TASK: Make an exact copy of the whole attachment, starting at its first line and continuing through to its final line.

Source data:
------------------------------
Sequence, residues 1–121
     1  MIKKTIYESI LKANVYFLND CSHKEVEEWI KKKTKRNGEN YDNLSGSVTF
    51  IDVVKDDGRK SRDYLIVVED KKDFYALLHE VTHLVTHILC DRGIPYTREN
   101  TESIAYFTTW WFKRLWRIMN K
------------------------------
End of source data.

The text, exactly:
Sequence, residues 1–121
     1  MIKKTIYESI LKANVYFLND CSHKEVEEWI KKKTKRNGEN YDNLSGSVTF
    51  IDVVKDDGRK SRDYLIVVED KKDFYALLHE VTHLVTHILC DRGIPYTREN
   101  TESIAYFTTW WFKRLWRIMN K